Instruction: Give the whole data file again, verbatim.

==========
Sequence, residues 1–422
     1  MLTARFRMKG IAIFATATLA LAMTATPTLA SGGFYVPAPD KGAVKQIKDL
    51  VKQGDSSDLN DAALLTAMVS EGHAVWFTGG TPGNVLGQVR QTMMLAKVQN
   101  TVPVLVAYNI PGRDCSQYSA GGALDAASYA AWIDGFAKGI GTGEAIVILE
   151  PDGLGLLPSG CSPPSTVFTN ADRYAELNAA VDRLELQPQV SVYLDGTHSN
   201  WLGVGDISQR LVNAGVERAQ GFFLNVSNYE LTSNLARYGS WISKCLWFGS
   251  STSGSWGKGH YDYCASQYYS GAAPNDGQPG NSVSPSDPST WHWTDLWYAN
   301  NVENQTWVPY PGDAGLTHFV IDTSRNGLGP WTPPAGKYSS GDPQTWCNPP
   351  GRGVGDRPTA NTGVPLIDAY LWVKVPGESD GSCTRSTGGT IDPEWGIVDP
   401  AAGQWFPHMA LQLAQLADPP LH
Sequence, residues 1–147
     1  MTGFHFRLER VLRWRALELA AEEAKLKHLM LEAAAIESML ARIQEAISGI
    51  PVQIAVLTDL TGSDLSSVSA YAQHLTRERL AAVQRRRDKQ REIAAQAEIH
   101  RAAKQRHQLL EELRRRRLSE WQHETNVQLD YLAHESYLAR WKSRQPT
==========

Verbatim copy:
Sequence, residues 1–422
     1  MLTARFRMKG IAIFATATLA LAMTATPTLA SGGFYVPAPD KGAVKQIKDL
    51  VKQGDSSDLN DAALLTAMVS EGHAVWFTGG TPGNVLGQVR QTMMLAKVQN
   101  TVPVLVAYNI PGRDCSQYSA GGALDAASYA AWIDGFAKGI GTGEAIVILE
   151  PDGLGLLPSG CSPPSTVFTN ADRYAELNAA VDRLELQPQV SVYLDGTHSN
   201  WLGVGDISQR LVNAGVERAQ GFFLNVSNYE LTSNLARYGS WISKCLWFGS
   251  STSGSWGKGH YDYCASQYYS GAAPNDGQPG NSVSPSDPST WHWTDLWYAN
   301  NVENQTWVPY PGDAGLTHFV IDTSRNGLGP WTPPAGKYSS GDPQTWCNPP
   351  GRGVGDRPTA NTGVPLIDAY LWVKVPGESD GSCTRSTGGT IDPEWGIVDP
   401  AAGQWFPHMA LQLAQLADPP LH
Sequence, residues 1–147
     1  MTGFHFRLER VLRWRALELA AEEAKLKHLM LEAAAIESML ARIQEAISGI
    51  PVQIAVLTDL TGSDLSSVSA YAQHLTRERL AAVQRRRDKQ REIAAQAEIH
   101  RAAKQRHQLL EELRRRRLSE WQHETNVQLD YLAHESYLAR WKSRQPT